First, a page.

Volatile sulphur compounds (VSCs) are key compounds in many fields of basic and applied science and technology, such as environmental sciences, food science, geochemistry, petrochemistry, agriculture, biology and medicine. Proton transfer reaction mass spectrometry (PTR-MS) allows for on-line monitoring of volatile organic compounds (VOCs) and, in particular, of VSCs with ultra low detection limits and a fast response time. In principle, with PTR-MS, absolute quantification of VOC concentrations without calibration is possible, provided the branching ratios are known. However, for this, the reaction rate coefficients between VOCs and the hydronium ion have also to be known. Several well-established theories may be used to determine ion-neutral molecule reaction rate coefficients. In the case of H3O+–VOC reactions proceeding in a PTR-MS drift tube, a key factor to be considered is the centre-of-mass energy, which is generally much higher than the thermal energy, due to the additional translational (drift) energy of the ion. Nevertheless, it is common practice to employ collision theories that do not show an explicit dependence on the centre-of-mass energy. First we review basic aspects of ion-neutral reactions in the PTR-MS drift tube and various methods to calculate reaction rate coefficients. Next, we calculate, on the basis of quantum chemical methods and different theoretical approaches for ion-molecule collisions, reaction rate coefficients between selected sulphur compounds and H3O+. Finally, we discuss proper methods for the calculations of ion-neutral molecule reaction rate coefficients in the context of PTR-MS and the corresponding experimental parameters involved.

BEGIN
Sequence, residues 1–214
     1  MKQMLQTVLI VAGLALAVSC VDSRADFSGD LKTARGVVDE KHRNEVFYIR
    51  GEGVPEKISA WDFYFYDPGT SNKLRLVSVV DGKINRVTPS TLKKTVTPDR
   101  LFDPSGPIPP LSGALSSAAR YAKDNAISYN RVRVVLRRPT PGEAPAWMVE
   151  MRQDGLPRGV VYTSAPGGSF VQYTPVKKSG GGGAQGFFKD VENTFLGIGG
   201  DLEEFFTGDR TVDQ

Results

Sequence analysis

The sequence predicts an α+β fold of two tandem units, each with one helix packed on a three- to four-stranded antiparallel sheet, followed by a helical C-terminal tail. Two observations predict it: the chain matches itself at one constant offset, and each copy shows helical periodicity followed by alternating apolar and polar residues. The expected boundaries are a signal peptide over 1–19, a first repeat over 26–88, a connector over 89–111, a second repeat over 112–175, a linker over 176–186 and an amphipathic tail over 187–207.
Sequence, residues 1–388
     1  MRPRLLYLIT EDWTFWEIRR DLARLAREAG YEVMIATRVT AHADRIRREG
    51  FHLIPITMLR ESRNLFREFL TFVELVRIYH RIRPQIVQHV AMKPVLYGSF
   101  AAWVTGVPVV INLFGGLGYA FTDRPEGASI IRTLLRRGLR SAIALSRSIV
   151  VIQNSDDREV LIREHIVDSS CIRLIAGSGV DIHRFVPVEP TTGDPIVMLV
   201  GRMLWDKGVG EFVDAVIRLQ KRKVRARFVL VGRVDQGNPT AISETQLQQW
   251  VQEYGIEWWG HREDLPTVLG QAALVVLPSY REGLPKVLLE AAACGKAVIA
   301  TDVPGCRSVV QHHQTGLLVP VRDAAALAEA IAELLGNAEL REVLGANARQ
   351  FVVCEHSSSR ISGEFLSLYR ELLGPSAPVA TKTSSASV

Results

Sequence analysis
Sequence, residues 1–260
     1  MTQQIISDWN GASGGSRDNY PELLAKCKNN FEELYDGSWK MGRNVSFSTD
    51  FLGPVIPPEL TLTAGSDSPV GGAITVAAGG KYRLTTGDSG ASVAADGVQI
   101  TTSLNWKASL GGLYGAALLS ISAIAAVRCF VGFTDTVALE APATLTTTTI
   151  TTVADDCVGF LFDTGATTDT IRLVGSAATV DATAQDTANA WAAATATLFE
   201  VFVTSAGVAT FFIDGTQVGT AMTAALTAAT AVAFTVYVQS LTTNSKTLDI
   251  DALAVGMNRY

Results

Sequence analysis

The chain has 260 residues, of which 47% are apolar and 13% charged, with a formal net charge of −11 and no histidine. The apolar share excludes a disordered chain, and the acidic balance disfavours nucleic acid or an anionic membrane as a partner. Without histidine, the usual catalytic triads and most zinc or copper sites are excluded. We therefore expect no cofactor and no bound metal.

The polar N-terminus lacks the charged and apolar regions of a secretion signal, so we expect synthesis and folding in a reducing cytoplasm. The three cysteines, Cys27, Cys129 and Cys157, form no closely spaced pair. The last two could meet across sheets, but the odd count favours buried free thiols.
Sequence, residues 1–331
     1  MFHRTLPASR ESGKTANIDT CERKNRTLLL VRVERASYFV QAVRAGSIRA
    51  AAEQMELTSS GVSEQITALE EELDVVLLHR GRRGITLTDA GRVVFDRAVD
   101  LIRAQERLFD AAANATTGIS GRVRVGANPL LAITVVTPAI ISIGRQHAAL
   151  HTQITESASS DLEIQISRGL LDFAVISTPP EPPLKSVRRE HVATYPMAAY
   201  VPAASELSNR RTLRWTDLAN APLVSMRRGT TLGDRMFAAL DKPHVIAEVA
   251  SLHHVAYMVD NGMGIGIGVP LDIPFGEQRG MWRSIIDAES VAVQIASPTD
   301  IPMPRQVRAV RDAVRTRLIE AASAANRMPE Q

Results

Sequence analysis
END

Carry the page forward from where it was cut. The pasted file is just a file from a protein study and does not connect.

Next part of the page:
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Selected PTR-MS related Reviews

F. Biasioli, C. Yeretzian, F. Gasperi, T. D. Märk: PTR-MS monitoring of VOCs and BVOCs in food science and technology, Trends in Analytical Chemistry 30 (7) (2011).

J. de Gouw, C. Warneke, T. Karl, G. Eerdekens, C. van der Veen, R. Fall: Measurement of Volatile Organic Compounds in the Earth's Atmosphere using Proton-Transfer-Reaction Mass Spectrometry. Mass Spectrometry Reviews, 26 (2007), 223-257.

W. Lindinger, A. Hansel, A. Jordan: Proton-transfer-reaction mass spectrometry (PTR–MS): on-line monitoring of volatile organic compounds at pptv levels, Chem. Soc. Rev. 27 (1998), 347-375.


Lists with PTR-MS relevant publications of the University of Innsbruck can be found here: Atmospheric and indoor air chemistry, IMR, Environmental Physics and Nano-Bio-Physics